Jeff Green | Jun 18, 2009
Back to HomeFeature Article - June 11, 2009 Pioneering triathlete in Nepean Sports Hall of FameBy Jeff Green
Pat Dowdall and Dianne Lake preparing to step out the door.
Rudy Hollywood is a familiar face in the Sharbot Lake area. He was born and raised south of the village and has had a cottage on Sharbot Lake for many years. Along with his wife Joan he founded the Sharbot Lake triathlon in the 1980s.
But Rudy is equally well known in Nepean, where he lived and worked for 31 years before returning to Sharbot Lake five years ago.
Last month Rudy returned to Nepean to be inducted into the Nepean Sports Wall of Fame. While he is known as an organiser and advocate for the triathlon in Sharbot Lake, it was his athletic achievements that were honoured in Nepean.
In accepting the award, Rudy traced his athletic career back to his youth on the farm. “When I was a kid and living on the homestead one of my daily chores was to take my cow dog, Rex, and before and after school we would run through the fields to collect the cattle for milking. I certainly never would have imagined that simple acts would have an impact on this memorable day.”
Rudy became a runner in the 70s and later discovered the punishing sport of triathlon. In addition to competing for Canada in the age group Olympic distance triathlon (1.5 km swim, 40 km bike ride, 10 km run) Rudy has completed full distance, iron-man events, around the world. One year, he placed 6th in his class at the Hawaiian Ironman World Championships.
The Hawaii race is the peak race in triathlon. It is where the sport was created just over 30 years ago, supposedly to settle a dispute over whether long-distance cyclists, runners, or swimmers were the most fit athletes. So an extreme event was invented. A 3.86 km ocean swim is followed by a 180 km mountainous bike ride, and the whole thing was capped off with a marathon distance run (42.2 km) The winner was dubbed the ironman.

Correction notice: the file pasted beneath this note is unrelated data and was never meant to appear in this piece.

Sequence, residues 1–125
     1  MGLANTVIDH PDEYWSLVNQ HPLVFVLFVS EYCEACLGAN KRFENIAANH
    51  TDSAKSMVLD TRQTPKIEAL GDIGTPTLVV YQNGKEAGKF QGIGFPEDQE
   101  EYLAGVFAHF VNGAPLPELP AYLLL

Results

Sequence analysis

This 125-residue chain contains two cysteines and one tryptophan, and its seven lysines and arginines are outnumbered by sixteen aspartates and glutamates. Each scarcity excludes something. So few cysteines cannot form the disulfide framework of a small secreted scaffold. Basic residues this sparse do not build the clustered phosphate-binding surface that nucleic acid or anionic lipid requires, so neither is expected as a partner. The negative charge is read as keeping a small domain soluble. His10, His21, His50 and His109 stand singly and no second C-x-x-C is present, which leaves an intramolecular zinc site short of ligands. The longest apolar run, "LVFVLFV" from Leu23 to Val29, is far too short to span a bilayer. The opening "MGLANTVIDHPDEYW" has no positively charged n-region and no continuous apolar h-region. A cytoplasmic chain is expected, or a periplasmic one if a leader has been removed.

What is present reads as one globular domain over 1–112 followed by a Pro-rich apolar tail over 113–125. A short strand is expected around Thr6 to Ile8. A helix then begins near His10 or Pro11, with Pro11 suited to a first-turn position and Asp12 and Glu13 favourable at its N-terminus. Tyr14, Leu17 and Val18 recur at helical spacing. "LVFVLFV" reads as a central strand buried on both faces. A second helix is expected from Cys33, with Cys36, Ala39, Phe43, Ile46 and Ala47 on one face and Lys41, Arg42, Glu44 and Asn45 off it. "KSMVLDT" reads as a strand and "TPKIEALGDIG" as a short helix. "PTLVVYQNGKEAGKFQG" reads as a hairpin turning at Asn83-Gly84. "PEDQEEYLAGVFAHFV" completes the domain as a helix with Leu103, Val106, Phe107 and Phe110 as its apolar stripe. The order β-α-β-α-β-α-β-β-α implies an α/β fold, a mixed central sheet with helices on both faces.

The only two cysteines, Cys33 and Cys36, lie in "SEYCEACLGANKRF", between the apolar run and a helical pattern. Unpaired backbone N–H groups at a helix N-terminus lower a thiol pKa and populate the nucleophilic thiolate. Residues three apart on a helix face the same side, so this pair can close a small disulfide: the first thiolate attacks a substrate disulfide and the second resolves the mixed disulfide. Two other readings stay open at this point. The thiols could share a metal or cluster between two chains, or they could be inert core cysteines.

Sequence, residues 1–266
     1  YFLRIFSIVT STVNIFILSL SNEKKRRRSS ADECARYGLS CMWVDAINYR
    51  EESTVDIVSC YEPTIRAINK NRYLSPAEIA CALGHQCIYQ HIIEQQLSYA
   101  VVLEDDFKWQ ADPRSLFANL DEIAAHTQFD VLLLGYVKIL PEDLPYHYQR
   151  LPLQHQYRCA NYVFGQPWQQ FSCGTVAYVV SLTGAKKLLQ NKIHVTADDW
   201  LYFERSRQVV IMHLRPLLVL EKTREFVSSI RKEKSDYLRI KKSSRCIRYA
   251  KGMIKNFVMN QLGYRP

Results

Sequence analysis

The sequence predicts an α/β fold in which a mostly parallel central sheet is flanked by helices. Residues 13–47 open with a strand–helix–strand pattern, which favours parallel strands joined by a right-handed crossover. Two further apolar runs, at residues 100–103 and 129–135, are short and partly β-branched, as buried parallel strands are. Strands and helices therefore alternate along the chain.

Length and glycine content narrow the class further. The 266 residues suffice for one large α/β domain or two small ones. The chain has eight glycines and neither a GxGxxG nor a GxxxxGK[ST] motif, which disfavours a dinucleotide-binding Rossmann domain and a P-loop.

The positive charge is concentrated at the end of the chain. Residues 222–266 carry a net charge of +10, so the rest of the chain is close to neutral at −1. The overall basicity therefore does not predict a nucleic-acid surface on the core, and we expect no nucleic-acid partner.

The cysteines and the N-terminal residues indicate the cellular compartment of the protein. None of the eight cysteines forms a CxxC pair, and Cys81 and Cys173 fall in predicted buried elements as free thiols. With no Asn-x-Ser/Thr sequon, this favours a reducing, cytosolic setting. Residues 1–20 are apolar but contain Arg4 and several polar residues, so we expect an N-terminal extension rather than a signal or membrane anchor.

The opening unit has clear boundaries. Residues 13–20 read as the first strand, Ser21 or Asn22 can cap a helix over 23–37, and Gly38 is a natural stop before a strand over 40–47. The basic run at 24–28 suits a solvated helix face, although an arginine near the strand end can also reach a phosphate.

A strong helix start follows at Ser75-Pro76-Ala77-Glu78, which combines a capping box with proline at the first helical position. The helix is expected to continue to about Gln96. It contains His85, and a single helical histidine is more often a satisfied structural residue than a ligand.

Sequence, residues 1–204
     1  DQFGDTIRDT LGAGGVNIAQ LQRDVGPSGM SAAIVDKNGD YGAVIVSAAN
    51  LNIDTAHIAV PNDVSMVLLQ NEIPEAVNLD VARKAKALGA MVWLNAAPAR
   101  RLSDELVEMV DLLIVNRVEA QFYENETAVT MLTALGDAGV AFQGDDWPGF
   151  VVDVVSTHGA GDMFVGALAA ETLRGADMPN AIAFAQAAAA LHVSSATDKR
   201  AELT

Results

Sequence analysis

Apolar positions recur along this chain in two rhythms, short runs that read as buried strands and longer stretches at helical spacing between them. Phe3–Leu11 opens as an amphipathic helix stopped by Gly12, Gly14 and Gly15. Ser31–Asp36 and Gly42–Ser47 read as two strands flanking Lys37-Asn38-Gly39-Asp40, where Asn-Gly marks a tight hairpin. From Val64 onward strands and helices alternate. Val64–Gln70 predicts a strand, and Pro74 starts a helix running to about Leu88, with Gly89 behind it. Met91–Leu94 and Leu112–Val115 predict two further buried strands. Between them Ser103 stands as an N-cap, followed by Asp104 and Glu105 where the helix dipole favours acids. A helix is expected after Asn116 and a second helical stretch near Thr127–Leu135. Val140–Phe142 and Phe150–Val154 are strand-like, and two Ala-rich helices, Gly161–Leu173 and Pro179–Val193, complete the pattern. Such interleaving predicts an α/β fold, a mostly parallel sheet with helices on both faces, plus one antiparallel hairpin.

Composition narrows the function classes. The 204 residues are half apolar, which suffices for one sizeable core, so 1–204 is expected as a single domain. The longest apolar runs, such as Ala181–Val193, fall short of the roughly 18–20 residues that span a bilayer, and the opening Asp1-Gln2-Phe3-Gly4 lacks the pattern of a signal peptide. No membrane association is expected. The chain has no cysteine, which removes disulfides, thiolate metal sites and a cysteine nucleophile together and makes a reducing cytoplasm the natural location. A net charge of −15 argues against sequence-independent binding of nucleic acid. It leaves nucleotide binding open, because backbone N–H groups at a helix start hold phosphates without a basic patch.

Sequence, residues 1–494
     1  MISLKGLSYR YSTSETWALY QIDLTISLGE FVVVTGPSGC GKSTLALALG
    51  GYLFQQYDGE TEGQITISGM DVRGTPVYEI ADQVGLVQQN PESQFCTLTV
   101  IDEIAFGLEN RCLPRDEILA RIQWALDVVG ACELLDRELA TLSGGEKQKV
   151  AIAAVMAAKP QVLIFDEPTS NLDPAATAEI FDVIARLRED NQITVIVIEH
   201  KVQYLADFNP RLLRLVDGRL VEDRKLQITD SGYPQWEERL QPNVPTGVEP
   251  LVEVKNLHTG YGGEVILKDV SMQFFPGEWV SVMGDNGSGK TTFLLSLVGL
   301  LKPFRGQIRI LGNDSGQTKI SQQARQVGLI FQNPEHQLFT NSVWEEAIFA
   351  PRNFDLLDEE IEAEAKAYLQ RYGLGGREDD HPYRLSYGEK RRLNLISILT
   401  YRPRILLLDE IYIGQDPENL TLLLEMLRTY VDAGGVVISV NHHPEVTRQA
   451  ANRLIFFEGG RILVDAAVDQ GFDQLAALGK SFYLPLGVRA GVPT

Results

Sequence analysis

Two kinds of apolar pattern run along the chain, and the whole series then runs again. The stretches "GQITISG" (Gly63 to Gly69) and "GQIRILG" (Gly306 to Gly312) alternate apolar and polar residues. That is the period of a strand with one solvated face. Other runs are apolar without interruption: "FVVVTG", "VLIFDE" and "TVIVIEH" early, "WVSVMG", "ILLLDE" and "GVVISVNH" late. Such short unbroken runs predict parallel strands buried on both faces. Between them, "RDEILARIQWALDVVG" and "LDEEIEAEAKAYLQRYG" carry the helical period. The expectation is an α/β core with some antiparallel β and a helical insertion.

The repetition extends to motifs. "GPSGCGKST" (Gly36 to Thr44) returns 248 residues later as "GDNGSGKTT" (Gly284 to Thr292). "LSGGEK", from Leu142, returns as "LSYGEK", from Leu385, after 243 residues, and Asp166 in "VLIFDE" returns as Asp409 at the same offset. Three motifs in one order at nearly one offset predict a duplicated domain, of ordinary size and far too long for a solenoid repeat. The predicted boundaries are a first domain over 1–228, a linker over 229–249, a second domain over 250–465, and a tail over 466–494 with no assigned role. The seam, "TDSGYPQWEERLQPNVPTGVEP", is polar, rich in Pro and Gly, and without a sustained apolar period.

“The race starts at 7:00 in the morning, and you have to finish before midnight,” Rudy said of the Ironman race, “but in order to qualify for Hawaii you need to do well enough in other iron-man races around the world.”
Rudy said it was certainly unusual for a married man with two boys and a career to become a role model in a sport dominated by younger, unattached athletes.
“I was lucky enough to have a wife who encouraged me to get out and train… maybe she just wanted some peace and quite around the house?”
Training in advance of iron-man events was particularly intense, including daily workouts, with a careful tapering down period before races, which led the Hollywoods to travel across Canada, the US, and Europe for races.
Summers have always been spent back on Sharbot Lake, and during the 80s and 90s they were dominated by the Sharbot Lake Triathlon on the August long weekend. Although the triathlon no longer takes place in Sharbot Lake, it lives on in Canadian sports history because Canada's most celebrated triathlete, Simon Whitfield, competed in some of his first races at Rudy and Joan Hollywood's race.
Rudy's influence on the triathlon community was given a home on the web in 2000, with trirudy.com, a website for triathletes. The “Rudy Award” is an athletic feat that takes one year to complete, but it is not an easy year.
It requires the winter triathlon, the 50km Keskinada Loppet, the 180 km Rideau Lakes bicycling tour, an official marathon and an official ironman competition.
Among his own athletic highlights, Rudy Hollywood represented Canada on the age group Olympic Distance Triathlon team in Cleveland (1996), Switzerland (1998), Montreal (1999), and Edmonton (1991). He also competed in the Boston Marathon in 1986, 1996, 2000, and 2001.
In recent years Rudy and Joan have been too busy converting and renovating the house on Sharbot Lake where they now live on a full-time basis.
Now, there is a new project in the works, which might swallow up even more time. Rudy's mother Ada died last year, and with his father Ken now being 92 years old, Rudy, his brother and his father are thinking about what to do with the family farm, a 400-acre property on Shibley Road that borders both St. Georges and Sharbot lakes.
Rudy has thrown himself into a development plan on the property, which includes his long-time dream of establishing an 18-hole golf course on the site, along with a seniors' housing complex along the lines of the condominium complex in Richmond, where Rudy and Joan lived in the last few years before they retired.
As they begin to work through the zoning and regulation process, it is becoming clear this might turn into an iron-man event of its own. And there is the matter of finding investors.
“Come and talk to me anytime about the project,” Rudy said, “and bring your checkbook with you.”